Sign up ×
Stack Overflow is a community of 4.7 million programmers, just like you, helping each other. Join them; it only takes a minute:

Because MySQL 5.1 does not support 4 byte UTF-8 sequences, I need to replace/drop the 4 byte sequences in these strings.

I'm looking a clean way to replace these characters.

Apache libraries are replacing the characters with a question-mark is fine for this case, although ASCII equivalent would be nicer, of course.

N.B. The input is from external sources (e-mail names) and upgrading the database is not a solution at this point in time.

share|improve this question
You’re kidding. MySQL still doesn’t support Unicode in this day and age? That’s unconscionable. Pretending that you support Unicode when you can only handle 1-, 2-, or 3- byte UTF-8 sequences is just as big a lie as saying that you support Unicode when you support only 1-byte ASCII sequences. Either you support any legal Unicode code point, or you don’t support Unicode. It’s a binary thing. Sounds like MySQL does not support Unicode. Please tell me this is a joke. – tchrist Feb 15 '12 at 22:03
@tchrist: MySQL 5.5.3 and up support proper UTF-8 via the new "utf8mb4" "character set" ( ). However, the "utf8" "character set" only supports up to 3-byte UTF-8 multibyte characters, reportedly to prevent replication problems between different MySQL versions. "utf8" may change to an alias for "utf8mb4" in a future MySQL release. – ninjalj Feb 18 '12 at 9:26

3 Answers 3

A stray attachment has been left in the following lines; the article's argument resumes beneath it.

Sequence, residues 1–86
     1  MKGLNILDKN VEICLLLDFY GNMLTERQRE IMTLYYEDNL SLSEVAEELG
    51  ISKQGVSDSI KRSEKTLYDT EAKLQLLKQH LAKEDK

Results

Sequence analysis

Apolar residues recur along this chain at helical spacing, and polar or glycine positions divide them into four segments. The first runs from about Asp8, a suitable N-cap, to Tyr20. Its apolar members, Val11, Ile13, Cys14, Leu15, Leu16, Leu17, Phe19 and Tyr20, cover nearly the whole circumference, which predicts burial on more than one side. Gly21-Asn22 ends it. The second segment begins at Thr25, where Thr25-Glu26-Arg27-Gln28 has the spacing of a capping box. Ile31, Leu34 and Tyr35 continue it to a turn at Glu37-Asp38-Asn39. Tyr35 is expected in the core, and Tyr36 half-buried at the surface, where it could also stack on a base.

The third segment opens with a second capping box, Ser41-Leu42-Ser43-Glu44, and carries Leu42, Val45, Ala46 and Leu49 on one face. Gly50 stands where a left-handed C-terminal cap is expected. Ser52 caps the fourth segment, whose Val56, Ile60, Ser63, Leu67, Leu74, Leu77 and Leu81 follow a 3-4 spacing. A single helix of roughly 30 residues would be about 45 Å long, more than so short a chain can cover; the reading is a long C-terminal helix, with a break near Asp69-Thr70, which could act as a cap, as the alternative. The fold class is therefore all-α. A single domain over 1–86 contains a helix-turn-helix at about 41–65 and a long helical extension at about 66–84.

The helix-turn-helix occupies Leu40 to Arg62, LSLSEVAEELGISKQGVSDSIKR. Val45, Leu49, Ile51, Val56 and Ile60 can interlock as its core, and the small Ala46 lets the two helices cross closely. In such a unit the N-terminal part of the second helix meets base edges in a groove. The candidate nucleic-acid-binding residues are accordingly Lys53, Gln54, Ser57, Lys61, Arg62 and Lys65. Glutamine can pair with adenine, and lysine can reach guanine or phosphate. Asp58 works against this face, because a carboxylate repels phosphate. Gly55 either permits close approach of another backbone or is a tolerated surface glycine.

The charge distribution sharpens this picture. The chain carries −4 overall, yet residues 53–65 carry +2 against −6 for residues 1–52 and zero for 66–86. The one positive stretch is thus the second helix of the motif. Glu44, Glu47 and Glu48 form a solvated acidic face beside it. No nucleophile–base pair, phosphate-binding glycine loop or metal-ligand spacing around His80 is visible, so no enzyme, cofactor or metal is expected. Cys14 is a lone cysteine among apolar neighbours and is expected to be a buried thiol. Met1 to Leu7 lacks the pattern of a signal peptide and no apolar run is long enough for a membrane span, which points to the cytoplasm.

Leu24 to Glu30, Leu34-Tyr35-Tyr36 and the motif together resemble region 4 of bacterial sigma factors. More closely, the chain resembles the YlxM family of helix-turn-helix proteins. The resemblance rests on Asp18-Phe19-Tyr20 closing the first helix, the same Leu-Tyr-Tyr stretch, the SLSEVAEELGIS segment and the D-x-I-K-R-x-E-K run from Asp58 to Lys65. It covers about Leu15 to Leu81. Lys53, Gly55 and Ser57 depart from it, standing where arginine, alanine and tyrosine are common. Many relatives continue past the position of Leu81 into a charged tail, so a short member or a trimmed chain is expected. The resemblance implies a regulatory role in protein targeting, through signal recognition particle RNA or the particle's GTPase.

up vote 4 down vote accepted

We ended up implementing the following method in Java for this problem. Basicaly replacing the characters with a higher codepoint then the last 3byte UTF-8 char.

The offset calculations are to make sure we stay on the unicode code points.

public static final String LAST_3_BYTE_UTF_CHAR = "\uFFFF";
public static final String REPLACEMENT_CHAR = "\uFFFD"; 

public static String toValid3ByteUTF8String(String s)  {
    final int length = s.length();
    StringBuilder b = new StringBuilder(length);
    for (int offset = 0; offset < length; ) {
       final int codepoint = s.codePointAt(offset);

       // do something with the codepoint
       if (codepoint > CharUtils.LAST_3_BYTE_UTF_CHAR.codePointAt(0)) {
       } else {
           if (Character.isValidCodePoint(codepoint)) {
           } else {
       offset += Character.charCount(codepoint);
    return b.toString();
share|improve this answer

5 byte utf-8 sequences begin with a 111110xx-byte and 6 byte utf-8 sequences begin with a 1111110x-byte. Important to note is, that no follow-up bytes of 1-4-byte utf-8 sequences contain bytes that large because follow-up bytes are always of the form 10xxxxxx.

Therefore you can just go through the bytes and every time you see a byte of kind 111110xx then only emit a '?' to the output-stream/array while skipping the next 4 bytes from the input; analogue for the 6-byte-sequences.

share|improve this answer
5 and 6-byte sequences are invalid in UTF-8 anyways - that's not to say that they cannot appear in the source text though. – Tim Čas Feb 13 '12 at 12:59
yes best to be safe – Bernd Elkemann Feb 13 '12 at 13:07
if 5 and 6 byte sequences are not legal any way they (should) be less of a problem. my problem is currently with 4byte sequences which are legal yet nog supported by mysql. – pvgoddijn Feb 14 '12 at 12:06
ouch. you changed your question to consider 4-byte-sequences instead of 5/6. now people will think that my answer is false. maybe you could change your question back and create a new question for the 4-byte-case instead? thank you! – Bernd Elkemann Feb 14 '12 at 12:09

Another simple solution is to use regular expression [^\u0000-\uFFFF]. For example in java:

text.replaceAll("[^\\u0000-\\uFFFF]", "\uFFFD");
share|improve this answer

Your Answer


By posting your answer, you agree to the privacy policy and terms of service.

Not the answer you're looking for? Browse other questions tagged or ask your own question.